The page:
I’m going to quote myself from late spring when I attempted to make a summer forecast: “Forecasting for a season is perhaps the most difficult, and as the public knows, most unreliable product put out by any group be it those, for example, from NOAA or people putting together The Old Farmers Almanac. If farmers, power companies, construction companies, those doing a lot of outdoor work, and even health professionals had a good heads up on weather and temperature trends over the course of the next three months literally billions of dollars could be saved, and perhaps some lives as well. Unfortunately, model reliability and long range forecast skill sets are not up to par with public expectations when it comes to seasonal outlooks. Weather forecasts for the next week have gotten remarkably better over the last decade, and there has been improvement in long range outlooks, but current crystal ball methods we have for forecasting seasons leave much to be desired. Knowing the limitations of seasonal forecasting, in this post I will attempt to make a broad forecast for the summer of 2017 in the United States keeping in mind potential dangerous temperature trends due to carbon pollution. By no means am I a skilled seasonal forecaster, but I will give this my best shot knowing that there is a need by the public craving to know what is in store this summer.😊”
All I have to do here is substitute the word fall for summer. My summer forecast wasn’t too shabby predicting the nationally (lower 48) average ranking of temperatures to be well above average but staying out of the top 10:
The CONUS, or lower 48 states, saw wild swings in temperature this summer and a ranking of 15th warmest since 1895, out of the top 10 as would be expected as global temperatures ramp up due to carbon pollution. The strength of the Hudson bay low, or upper level vortex, was strong enough and became oriented such that from time to time to cooler than average air masses were ushered into the central U.S.
Here we see state by state rankings for summer 2017:
Nevada and California had their hottest summer on record. The cool conditions, which were strongly tied to the strength of the Hudson Bay low, in the south-central states prevented the summer of 2017 from cracking into the top ten rankings. By my count their were seven heat waves or heat episodes from June-August and one notable one in the West in September. The first was in the Northeast in June with one in the Plains and the other five in the West. You can follow the episodes of heat along using my Heat Diary posts.
As far as records go, we didn’t see a dreaded month of a 10 to 1 or more ratio of more daily high maxes than low minimums in the NCEI database, but that “Streak” of consecutive months of DHMX than DLMN continues from November 2014 into September of this year:
The above chart is a huge clue as to what to forecast for in the months ahead for a seasonal forecast.
Question One. Is there any indication of a temporary planetary cool down? Answer: no, so we would expect the trend from the chart to continue.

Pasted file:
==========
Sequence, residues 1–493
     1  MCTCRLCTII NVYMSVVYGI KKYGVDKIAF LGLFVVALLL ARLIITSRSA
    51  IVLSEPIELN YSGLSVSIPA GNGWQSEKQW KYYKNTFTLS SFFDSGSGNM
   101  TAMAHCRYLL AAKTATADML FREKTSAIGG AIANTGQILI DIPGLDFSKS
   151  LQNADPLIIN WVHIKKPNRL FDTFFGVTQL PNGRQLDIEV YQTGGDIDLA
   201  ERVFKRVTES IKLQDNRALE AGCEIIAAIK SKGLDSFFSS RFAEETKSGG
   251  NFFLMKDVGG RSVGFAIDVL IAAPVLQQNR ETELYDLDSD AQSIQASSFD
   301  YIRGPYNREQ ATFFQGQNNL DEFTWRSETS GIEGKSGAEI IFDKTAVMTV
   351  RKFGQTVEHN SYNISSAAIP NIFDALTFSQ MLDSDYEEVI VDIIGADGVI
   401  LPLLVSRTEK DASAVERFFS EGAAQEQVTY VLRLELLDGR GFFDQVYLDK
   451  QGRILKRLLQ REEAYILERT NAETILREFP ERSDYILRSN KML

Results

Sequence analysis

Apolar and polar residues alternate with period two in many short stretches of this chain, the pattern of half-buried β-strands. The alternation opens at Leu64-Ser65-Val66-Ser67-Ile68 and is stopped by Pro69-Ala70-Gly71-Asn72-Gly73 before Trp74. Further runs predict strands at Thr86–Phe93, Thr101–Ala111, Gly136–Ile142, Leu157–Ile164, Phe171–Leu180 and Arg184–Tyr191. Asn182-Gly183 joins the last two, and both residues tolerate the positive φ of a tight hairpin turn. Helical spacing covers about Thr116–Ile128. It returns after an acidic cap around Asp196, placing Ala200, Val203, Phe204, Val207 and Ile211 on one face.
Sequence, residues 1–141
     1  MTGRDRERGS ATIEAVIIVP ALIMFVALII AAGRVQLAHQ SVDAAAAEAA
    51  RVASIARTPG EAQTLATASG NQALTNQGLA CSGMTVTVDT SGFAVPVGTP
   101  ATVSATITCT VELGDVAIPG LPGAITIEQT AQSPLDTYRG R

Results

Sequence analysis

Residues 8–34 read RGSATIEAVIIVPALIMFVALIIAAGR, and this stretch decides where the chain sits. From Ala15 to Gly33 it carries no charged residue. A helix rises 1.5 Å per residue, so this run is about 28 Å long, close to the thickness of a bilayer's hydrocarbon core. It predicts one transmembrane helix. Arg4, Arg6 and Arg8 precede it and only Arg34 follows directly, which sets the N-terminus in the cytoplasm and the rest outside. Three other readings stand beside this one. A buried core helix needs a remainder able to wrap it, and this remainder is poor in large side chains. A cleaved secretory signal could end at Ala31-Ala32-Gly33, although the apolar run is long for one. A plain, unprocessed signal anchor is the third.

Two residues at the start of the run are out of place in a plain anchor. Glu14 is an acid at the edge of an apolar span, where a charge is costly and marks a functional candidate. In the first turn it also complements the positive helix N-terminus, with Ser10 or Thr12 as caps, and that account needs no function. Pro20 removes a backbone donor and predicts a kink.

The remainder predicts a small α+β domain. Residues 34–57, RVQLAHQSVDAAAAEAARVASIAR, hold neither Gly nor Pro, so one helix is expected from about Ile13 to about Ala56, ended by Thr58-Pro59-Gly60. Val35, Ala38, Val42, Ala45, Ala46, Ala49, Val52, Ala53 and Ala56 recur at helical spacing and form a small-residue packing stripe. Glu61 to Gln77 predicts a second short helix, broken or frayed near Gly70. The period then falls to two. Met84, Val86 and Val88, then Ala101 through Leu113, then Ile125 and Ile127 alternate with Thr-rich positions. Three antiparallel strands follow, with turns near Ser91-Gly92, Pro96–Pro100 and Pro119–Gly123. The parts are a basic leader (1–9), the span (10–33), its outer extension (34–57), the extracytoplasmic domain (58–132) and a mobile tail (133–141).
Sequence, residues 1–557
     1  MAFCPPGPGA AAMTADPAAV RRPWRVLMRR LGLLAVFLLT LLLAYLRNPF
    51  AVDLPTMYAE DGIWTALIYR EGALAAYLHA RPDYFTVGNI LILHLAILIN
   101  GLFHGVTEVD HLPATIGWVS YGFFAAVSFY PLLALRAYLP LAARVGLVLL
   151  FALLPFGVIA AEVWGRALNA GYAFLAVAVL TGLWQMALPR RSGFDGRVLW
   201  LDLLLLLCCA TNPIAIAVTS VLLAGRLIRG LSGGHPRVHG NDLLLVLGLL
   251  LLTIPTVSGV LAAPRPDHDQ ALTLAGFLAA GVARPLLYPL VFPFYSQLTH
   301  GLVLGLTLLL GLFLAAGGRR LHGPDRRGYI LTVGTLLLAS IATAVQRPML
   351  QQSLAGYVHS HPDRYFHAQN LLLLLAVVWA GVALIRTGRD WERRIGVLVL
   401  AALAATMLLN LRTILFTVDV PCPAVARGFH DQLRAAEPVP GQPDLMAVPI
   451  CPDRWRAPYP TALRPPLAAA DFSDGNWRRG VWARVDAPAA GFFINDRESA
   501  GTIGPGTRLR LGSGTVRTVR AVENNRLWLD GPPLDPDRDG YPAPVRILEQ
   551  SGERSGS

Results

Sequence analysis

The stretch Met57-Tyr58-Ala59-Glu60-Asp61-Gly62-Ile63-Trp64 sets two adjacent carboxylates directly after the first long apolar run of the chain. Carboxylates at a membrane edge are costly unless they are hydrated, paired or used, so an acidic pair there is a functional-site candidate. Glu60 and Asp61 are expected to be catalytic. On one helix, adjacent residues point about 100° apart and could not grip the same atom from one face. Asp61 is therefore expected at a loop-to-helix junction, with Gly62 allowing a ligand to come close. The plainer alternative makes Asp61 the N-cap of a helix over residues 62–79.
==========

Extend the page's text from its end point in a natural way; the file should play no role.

Question Two. What do sea surface temperature averages look like around North America? Here is the answer:
Most of North America is surrounded by above average temperature water including a very warm looking Hudson Bay, which is key to a seasonal forecast. At the start of the summer I saw below average temperatures surrounding North America; thus, I did not think that the summer of 2017 would make the top ten cut:
Well, for once I was correct.☺
Excuses Excuses. I’m a little late with this post due to Irma, so I have a heads up on September averages, which continue to be very toasty in the West due to a historic California heat wave. Sometimes though, for every action in nature there is an equal and opposite reaction to restore equilibrium. Nature may try to do that in the West in about another week, but in turn it could get very toasty in the Midwest and Northeast:
Yes there will be cool snaps from time to time across just about every corner of the CONUS, but will they be cold enough to produce widespread below average temperatures for the fall season? Probably not.
Question Three. Will there be a strong Hudson Bay low or vortex ushering in cold air masses into the U.S. particularly as we go into November? Looking at that European model and noting warm sea surface temperatures in the bay any vortex over or around Hudson Bay will probably be weak and short lived, but with any seasonal forecast there are uncertainties here.
Question Four. Will there be a strong El Nino or La Niña during fall? The answer is neither, except that ENSO in the Pacific region may trend towards that of La Niña as the fall progresses. We can see this for September in that current SST chart:
Note the light blue stripe of blue in the Pacific. A strong El Nino in the absence of a strong Hudson Bay vortex would pump up temperature averages to near record levels as occurred from 2015-2016. I don’t think that ENSO will be much of a factor this fall.
Here is the NOAA prediction for fall 2017:
Right away you’ll notice no blue or below average areas. Given a slight heads up on the synoptic pattern I would expect this chart to verify slightly cooler in the West and warmer in the nation’s mid section. I agree with NOAA not forecasting any blue areas.
Here are NCEI rankings for every season for this decade:
Summer 2017 came in at #109. We are way overdue to see an average or below average season across the U.S. Carbon pollution is definitely making below average seasons more rare. I’m going to guess that the fall 2017 ranking will fall around 115 +or – 5, but my confidence isn’t that high. Given all of the warm factors shown in this post it should be a warm fall for many sections of the country. Let’s see if this forecast will be a bust.😅
You can follow how the fall season is going and pick up $100 to boot by playing my Climate Lottery game here:
Have a great fall!
The Climate Guy